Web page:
Saturday, January 22, 2022

A Gray Whale Skeleton: Stories With Stories

What happened was just this:  I got hooked on the story.

For the first time in my life, I became actively interested in a book.  Me the sports fanatic, me the game freak, me the only ten-year-old in Illinois with a hate on for the alphabet wanted to know what happened next.

William Goldman, The Princess Bride:  S. Morgenstern’s Classic Tale of True Love and High Adventure, edition copyrighted 2003, p. 9.

For the most part, the stories we tell are expected to have a beginning, middle, and end.  We move through them (at least at first reading or telling) wanting to know what happened next.  An end may be reached because problems or situations are resolved.  At that juncture, there is no next.  But quite clearly that’s not sufficient for many of us, witness the endless stream of sequels in multi-volume novels or movies.  Then there is that interest, perhaps demand is better, for prequels.  We want to know what happened before.  All of which leaves me wondering where one story begins or ends, and another story begins or ends.  Are we in the midst of stories with stories?  I think these observation aren’t just restricted to fictional stories.  This post is about a true story with stories.

In late 2021, the most complete gray whale (Eschrichtius robustus) skeleton ever found was transported from the collections of the University of North Carolina Wilmington’s Department of Biology and Marine Biology to those of the Smithsonian’s National Museum of Natural History.  In a multi-day process, experts from the Museum and the University worked on preparing the 42 bones of this juvenile specimen (including the skull, jaws, and vertebrae) for the trip (bubble wrap figured prominently in the effort).  The bones were carefully packed into a van and then (as carefully) driven up the East Coast to the Museum Support Center in Maryland.  Transferring the bones into the Support Center’s whale warehouse was another major undertaking.  (Unless otherwise noted, information presented in this post comes from the first two sources cited in the reference list at the end of this post.)

Pictures of the skeleton by UNCW’s Jeff Jankowski are included here with the generous permission of UNCW.  The first shows Dr. David Webster, Associate Dean of College of Arts and Sciences (CAS), with key elements of the skeleton.  The second of preparation for the move shows Dr. Webster (far right), Bill Crews (Facilities Coordinator CAS, center background), with Museum specialists David Bohaska (left) and Peter Kroehler (center right).

While the unique completeness of the skeleton is an important scientific draw for this specimen, that it is the skeleton of a gray whale is another critical attribute.  This skeleton is estimated to be roughly 1,000 years old, while the gray whale population that inhabited the Atlantic has been extinct for at least some 300 years with gray whales confined today to the North Pacific Ocean (reference #3, p. 502).  (Their range may be expanding and some may be entering the Atlantic once more.)  This skeleton may offer insights into the environment within which this individual lived in the Atlantic.  As Dr. Nicholas Pyenson, Curator of Fossil Marine Mammals at the Natural History Museum, said of this skeleton, “Specimens like these, tie to place and time.  They tell us how the world once was.” (reference #2)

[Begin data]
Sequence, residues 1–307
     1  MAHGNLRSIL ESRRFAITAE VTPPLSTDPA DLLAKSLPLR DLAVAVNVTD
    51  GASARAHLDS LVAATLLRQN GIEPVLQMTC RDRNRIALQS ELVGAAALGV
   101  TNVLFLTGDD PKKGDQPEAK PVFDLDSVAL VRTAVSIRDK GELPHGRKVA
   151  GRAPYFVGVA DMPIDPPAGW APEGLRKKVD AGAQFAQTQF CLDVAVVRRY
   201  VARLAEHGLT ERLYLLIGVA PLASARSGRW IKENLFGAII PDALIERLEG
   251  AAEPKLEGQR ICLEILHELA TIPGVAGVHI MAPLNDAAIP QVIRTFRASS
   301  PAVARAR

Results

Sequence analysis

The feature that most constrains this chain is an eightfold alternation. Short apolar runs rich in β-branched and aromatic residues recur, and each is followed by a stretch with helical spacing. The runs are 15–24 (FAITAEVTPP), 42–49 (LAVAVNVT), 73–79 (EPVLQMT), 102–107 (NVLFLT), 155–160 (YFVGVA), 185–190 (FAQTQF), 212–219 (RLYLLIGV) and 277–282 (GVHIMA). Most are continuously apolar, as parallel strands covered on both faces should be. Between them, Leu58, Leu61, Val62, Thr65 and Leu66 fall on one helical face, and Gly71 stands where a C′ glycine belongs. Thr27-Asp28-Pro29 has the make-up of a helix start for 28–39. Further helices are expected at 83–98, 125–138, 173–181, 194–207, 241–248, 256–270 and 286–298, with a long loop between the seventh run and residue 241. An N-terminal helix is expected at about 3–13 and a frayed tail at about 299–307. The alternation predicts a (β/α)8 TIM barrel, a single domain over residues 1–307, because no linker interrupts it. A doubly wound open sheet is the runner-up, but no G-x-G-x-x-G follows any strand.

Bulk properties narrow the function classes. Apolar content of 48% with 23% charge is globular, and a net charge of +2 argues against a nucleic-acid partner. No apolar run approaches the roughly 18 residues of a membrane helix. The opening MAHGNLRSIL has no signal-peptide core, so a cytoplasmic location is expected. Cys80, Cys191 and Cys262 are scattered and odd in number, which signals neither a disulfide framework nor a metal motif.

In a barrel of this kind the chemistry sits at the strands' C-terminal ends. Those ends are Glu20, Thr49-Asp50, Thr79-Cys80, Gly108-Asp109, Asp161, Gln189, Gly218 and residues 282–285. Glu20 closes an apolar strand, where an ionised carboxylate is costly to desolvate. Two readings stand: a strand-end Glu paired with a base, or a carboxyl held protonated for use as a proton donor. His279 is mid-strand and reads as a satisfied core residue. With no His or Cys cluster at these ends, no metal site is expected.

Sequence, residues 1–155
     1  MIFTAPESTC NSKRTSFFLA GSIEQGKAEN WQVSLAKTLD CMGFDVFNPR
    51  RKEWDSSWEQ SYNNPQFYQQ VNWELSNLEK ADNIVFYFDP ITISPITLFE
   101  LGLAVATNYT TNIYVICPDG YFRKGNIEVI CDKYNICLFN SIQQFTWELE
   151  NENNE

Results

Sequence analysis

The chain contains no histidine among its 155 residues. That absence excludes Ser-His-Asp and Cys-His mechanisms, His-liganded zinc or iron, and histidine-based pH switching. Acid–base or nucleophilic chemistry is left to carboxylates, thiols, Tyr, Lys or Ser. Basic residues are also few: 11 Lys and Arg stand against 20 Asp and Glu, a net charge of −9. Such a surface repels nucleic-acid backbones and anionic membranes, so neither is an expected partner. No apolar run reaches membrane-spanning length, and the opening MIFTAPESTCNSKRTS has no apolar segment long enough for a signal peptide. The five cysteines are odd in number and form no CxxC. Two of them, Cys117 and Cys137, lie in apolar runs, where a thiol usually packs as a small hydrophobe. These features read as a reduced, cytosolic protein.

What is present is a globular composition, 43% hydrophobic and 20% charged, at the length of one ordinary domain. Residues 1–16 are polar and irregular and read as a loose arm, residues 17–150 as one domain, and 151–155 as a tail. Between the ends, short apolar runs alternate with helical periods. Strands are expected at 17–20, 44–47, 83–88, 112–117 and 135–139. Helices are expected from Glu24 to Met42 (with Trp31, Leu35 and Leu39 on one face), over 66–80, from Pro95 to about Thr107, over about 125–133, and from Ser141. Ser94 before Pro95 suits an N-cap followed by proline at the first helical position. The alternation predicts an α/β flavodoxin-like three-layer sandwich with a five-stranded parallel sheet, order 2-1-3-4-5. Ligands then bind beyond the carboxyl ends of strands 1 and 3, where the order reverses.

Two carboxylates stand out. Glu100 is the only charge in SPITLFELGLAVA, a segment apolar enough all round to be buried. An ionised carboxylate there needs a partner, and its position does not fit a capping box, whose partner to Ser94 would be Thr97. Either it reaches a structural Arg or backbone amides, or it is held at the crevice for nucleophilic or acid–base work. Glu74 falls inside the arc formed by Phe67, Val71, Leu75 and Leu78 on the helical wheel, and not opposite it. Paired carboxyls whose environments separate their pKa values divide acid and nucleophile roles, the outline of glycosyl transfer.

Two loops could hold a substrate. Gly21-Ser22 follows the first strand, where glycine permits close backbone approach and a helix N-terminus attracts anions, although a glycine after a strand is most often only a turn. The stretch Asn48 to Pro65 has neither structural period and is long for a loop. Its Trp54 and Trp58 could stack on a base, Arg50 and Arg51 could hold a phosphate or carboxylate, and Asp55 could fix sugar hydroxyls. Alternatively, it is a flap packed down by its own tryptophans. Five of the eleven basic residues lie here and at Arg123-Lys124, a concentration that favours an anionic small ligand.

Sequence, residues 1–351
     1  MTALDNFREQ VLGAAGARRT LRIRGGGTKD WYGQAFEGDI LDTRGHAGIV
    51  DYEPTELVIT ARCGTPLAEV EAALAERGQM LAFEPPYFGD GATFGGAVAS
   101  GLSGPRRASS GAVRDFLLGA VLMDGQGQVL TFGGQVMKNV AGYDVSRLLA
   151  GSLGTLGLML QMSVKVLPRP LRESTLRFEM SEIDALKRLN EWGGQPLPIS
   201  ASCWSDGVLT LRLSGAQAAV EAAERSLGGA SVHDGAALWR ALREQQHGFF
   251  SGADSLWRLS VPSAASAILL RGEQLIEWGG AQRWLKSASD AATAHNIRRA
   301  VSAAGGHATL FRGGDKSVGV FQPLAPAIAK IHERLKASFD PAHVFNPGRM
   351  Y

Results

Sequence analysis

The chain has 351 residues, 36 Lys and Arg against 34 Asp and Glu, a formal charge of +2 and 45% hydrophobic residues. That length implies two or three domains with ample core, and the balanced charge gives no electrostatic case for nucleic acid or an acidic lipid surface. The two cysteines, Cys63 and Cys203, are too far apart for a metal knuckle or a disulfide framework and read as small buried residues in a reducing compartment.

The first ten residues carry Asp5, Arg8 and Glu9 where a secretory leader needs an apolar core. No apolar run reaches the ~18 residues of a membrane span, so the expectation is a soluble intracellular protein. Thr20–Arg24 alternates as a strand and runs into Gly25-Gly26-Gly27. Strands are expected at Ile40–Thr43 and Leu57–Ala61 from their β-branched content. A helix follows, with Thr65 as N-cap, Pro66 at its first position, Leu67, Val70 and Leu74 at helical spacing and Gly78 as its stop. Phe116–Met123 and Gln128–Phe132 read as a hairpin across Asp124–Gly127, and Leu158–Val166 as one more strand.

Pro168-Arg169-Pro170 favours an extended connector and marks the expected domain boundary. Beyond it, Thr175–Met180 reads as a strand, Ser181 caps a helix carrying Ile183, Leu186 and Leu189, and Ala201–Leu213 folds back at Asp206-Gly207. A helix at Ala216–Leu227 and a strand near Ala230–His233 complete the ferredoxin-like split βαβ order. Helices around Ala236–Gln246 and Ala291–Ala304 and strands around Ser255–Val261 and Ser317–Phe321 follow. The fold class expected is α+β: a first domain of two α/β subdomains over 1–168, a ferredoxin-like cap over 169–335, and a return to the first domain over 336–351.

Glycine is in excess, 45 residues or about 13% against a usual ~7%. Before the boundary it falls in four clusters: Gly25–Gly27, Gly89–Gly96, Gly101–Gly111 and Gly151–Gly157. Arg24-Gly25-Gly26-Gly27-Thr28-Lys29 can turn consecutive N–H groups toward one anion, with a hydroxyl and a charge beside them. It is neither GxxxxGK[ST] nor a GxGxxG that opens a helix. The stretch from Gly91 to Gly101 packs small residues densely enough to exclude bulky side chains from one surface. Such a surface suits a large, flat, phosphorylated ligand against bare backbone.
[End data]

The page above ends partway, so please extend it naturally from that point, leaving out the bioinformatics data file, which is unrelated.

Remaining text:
This quick story of the move of a juvenile gray whale skeleton from a university campus in North Carolina to Smithsonian facilities in Maryland begs for some clarification.  A brief comment on what happens next:  the skeleton apparently will not go on display but will be stored by the Natural History Museum and made available for scientific research in the future.

More to the point and of more interest:  what happened before?  Here the stories (the prequel stories) become more complicated and somewhat fuzzy.

UNCW held the skeleton’s bones in its collections for perhaps three decades.  Apparently, for much of that time it was unclear what species of whale was represented here.  There were some humpback whale bones in the mix of bones but those turned out to be “red herrings.”  The skeleton was ultimately identified as coming from the extinct Atlantic gray whale, an identification later confirmed by Nicholas Pyenson of the National Museum of Natural History.  That identification prompted the negotiations that led to the donation by UNCW of the skeleton.

What happened before that?  How did UNCW come to hold this skeleton in the first place?  David Webster, UNCW dean, recounted that local residents Rita and Tom McCabe approached the university to see if it would be interested in the donation of some whale bones that were, at the time, being stored in the McCabe’s garage.  When the university accepted the donation, a transfer occurred, one markedly different from the one last year when the bones traveled to the Smithsonian.  As Webster recalls, “They [the McCabes] drove a small Chevy S10 pickup truck to campus, and they had bones hanging out all over the place.”  (Reference #1). 

And what happened before that?  Now things get very interesting and decidedly vague.  The news articles that appeared in the last couple of months about this gray whale skeleton donation are actually the reason this story or stories have proven irresistible to me.  The articles are singularly vague about how these bones came to light so they could be socked away in the McCabe garage.  Here’s how the UNCW news article described that process: